This article is written by Visa Kannan, a partner at Saison Capital, and originally posted here. Republished on TheLowDown with the author’s permission.

Like everyone else this past week, I read the OYO DRHP (draft red herring prospectus) and I wanted to highlight 3 data points and claims that I thought were interesting – not necessarily only to call out the red flags, but just things that made me think:

1. OYO’s real job-to-be-done 

The filing in one place reads: “Many of the key cities…recorded more than 40% of demand from same-city Customers”

If you think of the “job” OYO had intended to do from a customer point of view it was to bring standardization to hotels. Having the OYO stamp meant a customer travelling anywhere knew what they were getting – basic facilities, a clean room and safety. The same-city data point makes one wonder if the real job to be done here is actually one of providing privacy from crowded homes in congested cities – a private escape, at a reasonable price.

What is strange though is that the 40% number has been fairly consistent across both pre-covid and covid years. My hunch was that in a covid year this use-case (especially with kids at home from school and homes noisier than ever) would have been the primary one that OYO served. Shouldn’t a greater portion of revenue have come from this segment in a pandemic year?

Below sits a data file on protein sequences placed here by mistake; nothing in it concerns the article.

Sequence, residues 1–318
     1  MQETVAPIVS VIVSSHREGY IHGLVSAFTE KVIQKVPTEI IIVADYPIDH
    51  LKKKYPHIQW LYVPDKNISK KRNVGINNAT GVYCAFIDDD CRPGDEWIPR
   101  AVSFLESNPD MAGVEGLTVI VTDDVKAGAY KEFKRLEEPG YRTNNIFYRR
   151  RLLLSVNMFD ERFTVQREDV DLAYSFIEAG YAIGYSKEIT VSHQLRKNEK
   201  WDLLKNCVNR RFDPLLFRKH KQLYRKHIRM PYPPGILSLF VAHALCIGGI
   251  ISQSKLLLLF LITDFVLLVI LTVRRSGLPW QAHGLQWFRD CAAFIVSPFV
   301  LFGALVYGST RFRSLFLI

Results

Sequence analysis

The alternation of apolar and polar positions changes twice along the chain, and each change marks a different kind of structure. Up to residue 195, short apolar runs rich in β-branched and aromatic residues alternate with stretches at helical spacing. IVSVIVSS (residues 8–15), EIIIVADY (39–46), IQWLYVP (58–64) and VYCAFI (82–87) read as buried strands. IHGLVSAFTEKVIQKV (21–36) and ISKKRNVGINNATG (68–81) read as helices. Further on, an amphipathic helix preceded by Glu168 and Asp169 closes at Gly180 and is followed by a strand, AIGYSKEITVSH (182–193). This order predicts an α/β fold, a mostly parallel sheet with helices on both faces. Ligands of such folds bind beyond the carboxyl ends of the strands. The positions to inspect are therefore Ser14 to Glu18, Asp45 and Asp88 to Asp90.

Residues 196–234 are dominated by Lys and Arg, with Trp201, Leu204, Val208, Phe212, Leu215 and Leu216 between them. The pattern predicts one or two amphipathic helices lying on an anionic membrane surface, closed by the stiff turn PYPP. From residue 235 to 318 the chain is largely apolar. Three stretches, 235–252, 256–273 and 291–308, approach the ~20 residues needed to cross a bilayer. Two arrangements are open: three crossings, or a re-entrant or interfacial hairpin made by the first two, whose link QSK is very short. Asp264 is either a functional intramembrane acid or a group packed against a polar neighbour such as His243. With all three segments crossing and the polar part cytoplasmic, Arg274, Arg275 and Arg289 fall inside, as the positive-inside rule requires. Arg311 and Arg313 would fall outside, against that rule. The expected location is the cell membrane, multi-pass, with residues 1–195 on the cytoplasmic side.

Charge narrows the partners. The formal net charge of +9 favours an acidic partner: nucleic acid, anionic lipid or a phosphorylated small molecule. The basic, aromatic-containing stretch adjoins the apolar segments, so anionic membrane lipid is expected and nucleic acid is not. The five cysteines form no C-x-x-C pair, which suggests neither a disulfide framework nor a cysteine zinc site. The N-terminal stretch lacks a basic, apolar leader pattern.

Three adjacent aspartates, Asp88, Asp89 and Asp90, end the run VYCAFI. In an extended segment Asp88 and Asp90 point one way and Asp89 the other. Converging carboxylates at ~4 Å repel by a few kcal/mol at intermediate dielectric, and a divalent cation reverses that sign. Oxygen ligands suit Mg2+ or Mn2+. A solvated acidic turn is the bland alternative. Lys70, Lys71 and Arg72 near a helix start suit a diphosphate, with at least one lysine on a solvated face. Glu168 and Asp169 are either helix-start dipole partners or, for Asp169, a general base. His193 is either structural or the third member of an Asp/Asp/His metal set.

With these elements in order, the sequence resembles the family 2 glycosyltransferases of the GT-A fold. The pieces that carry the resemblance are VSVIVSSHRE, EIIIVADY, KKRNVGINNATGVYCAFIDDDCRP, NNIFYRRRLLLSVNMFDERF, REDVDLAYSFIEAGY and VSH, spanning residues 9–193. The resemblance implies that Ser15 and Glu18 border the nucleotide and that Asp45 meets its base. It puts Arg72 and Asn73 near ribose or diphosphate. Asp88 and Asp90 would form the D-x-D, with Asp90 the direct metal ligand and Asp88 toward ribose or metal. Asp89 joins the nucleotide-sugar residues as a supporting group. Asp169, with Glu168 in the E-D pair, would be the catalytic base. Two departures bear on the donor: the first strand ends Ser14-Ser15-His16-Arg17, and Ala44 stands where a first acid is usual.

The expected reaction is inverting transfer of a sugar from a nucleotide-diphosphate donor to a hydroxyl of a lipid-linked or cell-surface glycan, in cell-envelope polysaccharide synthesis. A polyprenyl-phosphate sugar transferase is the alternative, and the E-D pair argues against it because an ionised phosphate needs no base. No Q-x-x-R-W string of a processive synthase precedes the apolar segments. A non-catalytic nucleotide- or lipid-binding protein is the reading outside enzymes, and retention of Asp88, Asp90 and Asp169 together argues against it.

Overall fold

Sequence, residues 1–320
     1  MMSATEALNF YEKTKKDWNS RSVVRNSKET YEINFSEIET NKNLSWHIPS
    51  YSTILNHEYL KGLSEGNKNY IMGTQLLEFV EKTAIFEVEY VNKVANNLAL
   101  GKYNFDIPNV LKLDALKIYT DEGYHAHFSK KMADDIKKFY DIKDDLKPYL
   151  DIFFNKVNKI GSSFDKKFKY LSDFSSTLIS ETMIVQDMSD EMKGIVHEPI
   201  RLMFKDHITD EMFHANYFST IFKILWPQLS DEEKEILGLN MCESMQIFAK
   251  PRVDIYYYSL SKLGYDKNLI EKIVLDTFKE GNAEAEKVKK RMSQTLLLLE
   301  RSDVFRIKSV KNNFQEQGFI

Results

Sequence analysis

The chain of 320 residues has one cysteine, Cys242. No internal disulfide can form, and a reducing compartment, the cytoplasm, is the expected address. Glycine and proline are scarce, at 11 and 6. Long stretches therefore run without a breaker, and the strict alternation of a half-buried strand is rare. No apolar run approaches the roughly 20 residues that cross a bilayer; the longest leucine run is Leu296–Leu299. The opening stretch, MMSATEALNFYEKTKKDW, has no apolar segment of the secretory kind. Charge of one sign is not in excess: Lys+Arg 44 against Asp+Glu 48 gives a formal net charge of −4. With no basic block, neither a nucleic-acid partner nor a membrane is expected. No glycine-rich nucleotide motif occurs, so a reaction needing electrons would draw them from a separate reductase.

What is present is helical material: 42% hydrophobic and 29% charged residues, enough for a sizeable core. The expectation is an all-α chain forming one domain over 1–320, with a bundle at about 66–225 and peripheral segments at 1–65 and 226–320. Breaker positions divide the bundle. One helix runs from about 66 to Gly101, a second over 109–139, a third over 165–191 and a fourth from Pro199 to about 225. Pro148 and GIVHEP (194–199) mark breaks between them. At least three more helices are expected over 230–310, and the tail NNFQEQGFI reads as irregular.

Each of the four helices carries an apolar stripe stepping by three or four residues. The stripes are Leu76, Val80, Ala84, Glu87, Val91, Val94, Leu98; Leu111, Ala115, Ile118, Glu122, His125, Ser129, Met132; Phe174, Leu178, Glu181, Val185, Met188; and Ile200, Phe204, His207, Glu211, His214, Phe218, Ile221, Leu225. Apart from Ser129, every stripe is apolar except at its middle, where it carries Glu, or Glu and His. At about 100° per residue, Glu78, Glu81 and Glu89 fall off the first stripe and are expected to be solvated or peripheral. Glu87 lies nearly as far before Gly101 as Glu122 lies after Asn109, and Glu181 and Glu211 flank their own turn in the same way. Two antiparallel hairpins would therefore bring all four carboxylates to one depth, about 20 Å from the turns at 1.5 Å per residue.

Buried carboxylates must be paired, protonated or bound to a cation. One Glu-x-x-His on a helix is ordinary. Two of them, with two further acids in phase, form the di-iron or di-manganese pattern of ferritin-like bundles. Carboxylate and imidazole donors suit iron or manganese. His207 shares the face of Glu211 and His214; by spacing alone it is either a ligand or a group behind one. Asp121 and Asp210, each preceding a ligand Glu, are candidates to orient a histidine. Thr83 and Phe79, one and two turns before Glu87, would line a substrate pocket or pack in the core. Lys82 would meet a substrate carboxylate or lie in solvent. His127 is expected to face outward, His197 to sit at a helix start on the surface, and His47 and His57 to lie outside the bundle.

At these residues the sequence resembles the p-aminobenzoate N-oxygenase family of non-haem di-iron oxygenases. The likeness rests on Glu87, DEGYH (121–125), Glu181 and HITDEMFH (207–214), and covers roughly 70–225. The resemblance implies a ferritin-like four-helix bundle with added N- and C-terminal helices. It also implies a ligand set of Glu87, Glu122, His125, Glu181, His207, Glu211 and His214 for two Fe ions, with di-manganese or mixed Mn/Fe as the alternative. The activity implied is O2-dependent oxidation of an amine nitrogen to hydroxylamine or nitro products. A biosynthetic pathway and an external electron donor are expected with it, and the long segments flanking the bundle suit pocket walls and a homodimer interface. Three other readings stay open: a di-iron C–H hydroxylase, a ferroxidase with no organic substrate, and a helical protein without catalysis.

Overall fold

2. Unit Economics – more illustrative than real? 

The filing spells out the unit economics of the business for the 2021 fiscal year on page 236 and on the face of it looks quite attractive with a contribution margin of ~18% and the claim that “​​investments, capital expenditure and expenses relating to the operation of such storefronts borne solely by our Patrons.”

I tried to fit the actual P&L numbers into the illustration and the unit economics don’t actually look as good (see the table in the image). 2 things stood out – the discounts, incentives, refunds portion is underestimated quite heavily and the “transformation expenditure” is missed out, in its entirety. Elsewhere in the DRHP, OYO clearly calls out that they very much bear the cost of transforming properties.

Restated, the economics of the core hotels business of OYO is likely ~2%. It’s hard enough to make any business work with such wafer-thin margins let alone a business like OYO, which has massive overheads.

3. The only top-line item that grew y/y – commissions 

The OYO financial statements leave very little room for hope – a hotel business, trying to IPO in the middle of a pandemic – revenues are down 70% y/y, cost structure remains largely the same.

Curiously though, there’s a revenue item that did grow 10% y/y – commissions from bookings of vacation homes and listings. This constitutes 20% of OYO’s top-line and is a relatively new business for OYO – having started only in 2019-20 with the acquisition of a vacation homes business in Europe.

Numbers suggest that this is a market worth doubling down on – OYO includes Europe as part of its “Core Growth Markets” and it will be interesting to see how this business unit fares in the future.

Thanks for reading The Low Down (TLD), the blog by the team at Momentum Works. Got a different perspective or have a burning opinion to share? Let us know at [email protected].